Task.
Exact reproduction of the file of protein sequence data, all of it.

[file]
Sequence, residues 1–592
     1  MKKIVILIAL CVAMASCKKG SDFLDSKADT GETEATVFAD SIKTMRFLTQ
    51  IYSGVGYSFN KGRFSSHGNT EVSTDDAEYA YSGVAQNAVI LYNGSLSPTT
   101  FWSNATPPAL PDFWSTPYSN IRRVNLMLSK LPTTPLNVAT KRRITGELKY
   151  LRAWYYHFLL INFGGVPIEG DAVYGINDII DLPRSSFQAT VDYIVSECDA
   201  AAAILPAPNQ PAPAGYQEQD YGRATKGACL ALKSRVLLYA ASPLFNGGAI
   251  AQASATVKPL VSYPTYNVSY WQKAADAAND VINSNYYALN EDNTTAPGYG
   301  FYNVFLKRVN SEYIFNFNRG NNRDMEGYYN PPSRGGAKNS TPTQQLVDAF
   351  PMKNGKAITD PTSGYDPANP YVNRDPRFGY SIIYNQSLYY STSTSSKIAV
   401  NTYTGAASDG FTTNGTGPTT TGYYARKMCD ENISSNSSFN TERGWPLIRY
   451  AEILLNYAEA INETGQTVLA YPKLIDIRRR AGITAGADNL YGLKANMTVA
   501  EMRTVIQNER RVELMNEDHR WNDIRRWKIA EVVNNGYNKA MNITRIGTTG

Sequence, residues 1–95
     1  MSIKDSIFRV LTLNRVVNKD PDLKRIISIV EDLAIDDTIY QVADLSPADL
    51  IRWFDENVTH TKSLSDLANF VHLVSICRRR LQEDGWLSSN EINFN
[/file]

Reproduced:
Sequence, residues 1–592
     1  MKKIVILIAL CVAMASCKKG SDFLDSKADT GETEATVFAD SIKTMRFLTQ
    51  IYSGVGYSFN KGRFSSHGNT EVSTDDAEYA YSGVAQNAVI LYNGSLSPTT
   101  FWSNATPPAL PDFWSTPYSN IRRVNLMLSK LPTTPLNVAT KRRITGELKY
   151  LRAWYYHFLL INFGGVPIEG DAVYGINDII DLPRSSFQAT VDYIVSECDA
   201  AAAILPAPNQ PAPAGYQEQD YGRATKGACL ALKSRVLLYA ASPLFNGGAI
   251  AQASATVKPL VSYPTYNVSY WQKAADAAND VINSNYYALN EDNTTAPGYG
   301  FYNVFLKRVN SEYIFNFNRG NNRDMEGYYN PPSRGGAKNS TPTQQLVDAF
   351  PMKNGKAITD PTSGYDPANP YVNRDPRFGY SIIYNQSLYY STSTSSKIAV
   401  NTYTGAASDG FTTNGTGPTT TGYYARKMCD ENISSNSSFN TERGWPLIRY
   451  AEILLNYAEA INETGQTVLA YPKLIDIRRR AGITAGADNL YGLKANMTVA
   501  EMRTVIQNER RVELMNEDHR WNDIRRWKIA EVVNNGYNKA MNITRIGTTG

Sequence, residues 1–95
     1  MSIKDSIFRV LTLNRVVNKD PDLKRIISIV EDLAIDDTIY QVADLSPADL
    51  IRWFDENVTH TKSLSDLANF VHLVSICRRR LQEDGWLSSN EINFN